2019-08-03

Fear the Walking Dead, and the San Antonio Split

"The Walking Dead" undoubtedly is one of the best and most successful TV series of the 2000s so far. But while the writers of the series episodes relied on an increasingly larger scope and more intense and shattering atmosphere, it spawned a little brother that quietly grew into something original: "Fear the Walking Dead" is originally set before the events in "The Walking Dead", has taken huge leaps forward on the timeline - and in quality. 

"Fear the Walking Dead" has evolved from a sometimes near-incoherent edit of "The Walking Dead" alikes, to a blend of post-apocalyptic zombie action epic and at least hints at a self-reflexive satire. As such it embraces the audience's oversaturation with zombie movies, and is closer to the original George-A.-Romero-esque, social- and self-aware idea of stumbling E.C. comic ghouls than most other zombie movie productions.

One scene from "Fear the Walking Dead" season 5, episode 3, in particular stands out with it's insane, hair-raising, ridiculously impossible sniper shot called the "San Antonio split". In this scene, the absurdity is taken to the max. Where George A. Romero's might've put in some reasonably realistic, yet funny scene with slipping and tumbling undead, the "San Antonio split" goes all the way into escapism, heroism, and comic territory.

But before we talk about it in more detail, let's watch it first.

Here's the scene:

https://www.youtube.com/watch?v=JX5iX4xEJV8

Now, how (un)realistic is this "San Antonio split"? First of all there's the shooter and his skills. Well, the character of John Dorie is portrayed as a well accomplished marksman throughout his appearance in the show, so we probably can agree on his ability to hit the bull's eye at least every once in a while - why not now. There might be wind, and other factors involved, but he has a lot of experience, and luck is on his side. Then there's the target: an axe, to be hit precisely on it's blade, held upright on it's lower end by Dwight, who's not only being attacked by a corpse, but lying on the ground, with that very corpse on top of him, about to be eaten alive. Wow. This is gonna be a hell of a shot. But the magic doesn't stop there: he hits the axe's blade so perfectly, that on the horizontal plane the trajectory of each of the two projectiles from the split bullet hits each walker approaching to the left and right side of Dwight. And he even hits the axe's curved blade at the vertically perfect point, so that the projectiles hit the walker's heads! As we can see in the scene, the two walkers aren't equally tall - Dwight is not only able to hold the axe steadily enough and get the horizontal angle perfectly right, he's also capable of tilting the axe according to the walkers' difference in height! Phew! This shot is one for the history books, that's for sure. Dwight, John - hats off.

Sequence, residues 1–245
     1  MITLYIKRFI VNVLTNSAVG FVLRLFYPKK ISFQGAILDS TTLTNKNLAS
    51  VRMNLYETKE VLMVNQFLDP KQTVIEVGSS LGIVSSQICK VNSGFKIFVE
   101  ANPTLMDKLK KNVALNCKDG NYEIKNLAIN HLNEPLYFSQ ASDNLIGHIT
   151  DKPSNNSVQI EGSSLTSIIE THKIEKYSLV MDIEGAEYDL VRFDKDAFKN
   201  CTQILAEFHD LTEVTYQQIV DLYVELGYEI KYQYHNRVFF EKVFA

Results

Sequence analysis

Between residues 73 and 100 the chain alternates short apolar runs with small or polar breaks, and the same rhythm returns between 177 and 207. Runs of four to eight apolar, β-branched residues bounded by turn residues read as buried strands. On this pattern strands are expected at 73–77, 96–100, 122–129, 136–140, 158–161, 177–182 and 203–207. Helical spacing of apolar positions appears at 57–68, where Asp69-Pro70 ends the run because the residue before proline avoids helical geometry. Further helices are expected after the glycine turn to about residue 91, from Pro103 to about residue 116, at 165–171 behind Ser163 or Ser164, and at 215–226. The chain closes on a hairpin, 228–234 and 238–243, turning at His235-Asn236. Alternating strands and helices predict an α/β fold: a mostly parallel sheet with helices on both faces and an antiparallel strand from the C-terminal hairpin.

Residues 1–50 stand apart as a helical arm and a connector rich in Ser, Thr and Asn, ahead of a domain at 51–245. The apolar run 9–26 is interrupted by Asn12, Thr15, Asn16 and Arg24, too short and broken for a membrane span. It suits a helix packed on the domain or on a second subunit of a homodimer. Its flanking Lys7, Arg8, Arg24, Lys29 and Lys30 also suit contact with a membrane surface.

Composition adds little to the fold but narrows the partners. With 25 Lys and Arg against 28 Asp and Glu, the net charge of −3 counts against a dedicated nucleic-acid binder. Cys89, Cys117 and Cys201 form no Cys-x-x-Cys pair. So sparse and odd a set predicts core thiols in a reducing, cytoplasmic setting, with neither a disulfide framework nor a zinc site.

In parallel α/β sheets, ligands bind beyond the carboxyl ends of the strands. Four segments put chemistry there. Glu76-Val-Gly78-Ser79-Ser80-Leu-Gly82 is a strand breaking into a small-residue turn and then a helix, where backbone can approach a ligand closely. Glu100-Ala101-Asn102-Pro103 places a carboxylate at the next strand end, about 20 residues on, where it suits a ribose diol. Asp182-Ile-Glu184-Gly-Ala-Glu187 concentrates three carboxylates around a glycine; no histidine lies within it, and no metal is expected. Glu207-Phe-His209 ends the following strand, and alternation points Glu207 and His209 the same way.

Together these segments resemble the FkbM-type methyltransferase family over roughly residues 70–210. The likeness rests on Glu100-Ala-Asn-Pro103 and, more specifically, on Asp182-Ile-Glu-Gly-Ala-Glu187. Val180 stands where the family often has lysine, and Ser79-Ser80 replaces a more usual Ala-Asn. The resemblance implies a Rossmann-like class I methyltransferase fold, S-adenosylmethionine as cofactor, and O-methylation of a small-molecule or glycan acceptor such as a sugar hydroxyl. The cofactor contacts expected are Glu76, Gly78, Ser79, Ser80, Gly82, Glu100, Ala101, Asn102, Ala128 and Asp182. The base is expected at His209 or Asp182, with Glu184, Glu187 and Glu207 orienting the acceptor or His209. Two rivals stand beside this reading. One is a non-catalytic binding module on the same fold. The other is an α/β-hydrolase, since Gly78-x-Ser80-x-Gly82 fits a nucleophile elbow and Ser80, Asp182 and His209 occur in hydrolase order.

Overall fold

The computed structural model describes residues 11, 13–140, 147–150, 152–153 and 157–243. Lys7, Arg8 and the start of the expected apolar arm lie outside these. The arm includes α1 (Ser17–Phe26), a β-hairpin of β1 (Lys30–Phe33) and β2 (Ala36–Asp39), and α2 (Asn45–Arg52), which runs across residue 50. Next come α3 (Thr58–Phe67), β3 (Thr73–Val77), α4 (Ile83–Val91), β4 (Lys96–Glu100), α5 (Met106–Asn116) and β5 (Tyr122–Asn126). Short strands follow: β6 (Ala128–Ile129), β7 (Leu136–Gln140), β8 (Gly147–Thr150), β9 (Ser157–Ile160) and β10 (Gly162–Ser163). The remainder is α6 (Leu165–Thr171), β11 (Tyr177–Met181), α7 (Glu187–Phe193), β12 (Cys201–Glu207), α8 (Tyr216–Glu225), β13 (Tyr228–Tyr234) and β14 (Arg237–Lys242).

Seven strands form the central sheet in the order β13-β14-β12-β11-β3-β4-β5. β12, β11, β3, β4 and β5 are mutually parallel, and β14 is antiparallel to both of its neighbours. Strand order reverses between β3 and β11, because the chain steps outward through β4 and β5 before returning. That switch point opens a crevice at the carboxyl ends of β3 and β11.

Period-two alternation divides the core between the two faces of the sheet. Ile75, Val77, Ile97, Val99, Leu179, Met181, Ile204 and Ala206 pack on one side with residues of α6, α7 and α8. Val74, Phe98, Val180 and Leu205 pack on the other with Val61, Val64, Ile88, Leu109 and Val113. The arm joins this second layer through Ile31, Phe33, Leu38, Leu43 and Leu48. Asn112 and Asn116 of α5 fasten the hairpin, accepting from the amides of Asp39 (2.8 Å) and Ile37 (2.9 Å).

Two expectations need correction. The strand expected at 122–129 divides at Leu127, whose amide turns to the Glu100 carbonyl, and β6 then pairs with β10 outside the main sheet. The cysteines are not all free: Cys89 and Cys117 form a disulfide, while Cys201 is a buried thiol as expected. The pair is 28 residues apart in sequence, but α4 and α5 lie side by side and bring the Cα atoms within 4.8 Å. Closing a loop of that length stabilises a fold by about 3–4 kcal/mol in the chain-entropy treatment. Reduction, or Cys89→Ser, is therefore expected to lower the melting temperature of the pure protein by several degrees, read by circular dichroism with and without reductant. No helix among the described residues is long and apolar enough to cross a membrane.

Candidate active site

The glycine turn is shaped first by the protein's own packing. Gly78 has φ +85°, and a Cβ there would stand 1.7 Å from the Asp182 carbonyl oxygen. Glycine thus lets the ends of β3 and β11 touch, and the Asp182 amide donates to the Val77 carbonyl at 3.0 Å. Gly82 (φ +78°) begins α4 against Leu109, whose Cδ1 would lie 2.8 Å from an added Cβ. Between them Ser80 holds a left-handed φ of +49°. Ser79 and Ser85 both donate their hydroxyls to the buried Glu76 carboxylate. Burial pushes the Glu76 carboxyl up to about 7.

You might have come to the conclusion about half way through this little analysis: yes, this is a highly unrealistic scene - in fact it's utterly absurd.

And this is where it's beauty is. Yes, it is outrageous. Yes, it is stupid. It may, or may not, be funny. But most of all, it elevates the experience to another level. For a moment we're taken out of the seriousness of survival, we're reminded we're watching a fictional story, and we smile in disbelief of the writer's presumptuousness. Our hero has ascended to god-like levels, which of course can't be true. It's our mother's fairytale and sleeping song, the maximum distance from the harsh, grim everyday post-apocalyptic world. This scene sets a dynamic counterpoint to what preceded it, and what might follow. Luck is on our side, but can we rely on it? We'd better not. Because when we fall, we fall deep. We've seen the light - what comes after will be dark.

The "San Antonio split" was an excellent set up for the events that follow, and continues the semi-comic, satirical tone "Fear the Walking Dead" has taken on over the course of the series. Let's hope the writers don't overload the series with scenes like this one. When used regularly and predictably, it turns the series into pure comic, neutralizing the effect - but when used sparingly such scenes give relief, and create great dramatic impact.

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What's your opinion?
Did you like the "San Antonio split"?
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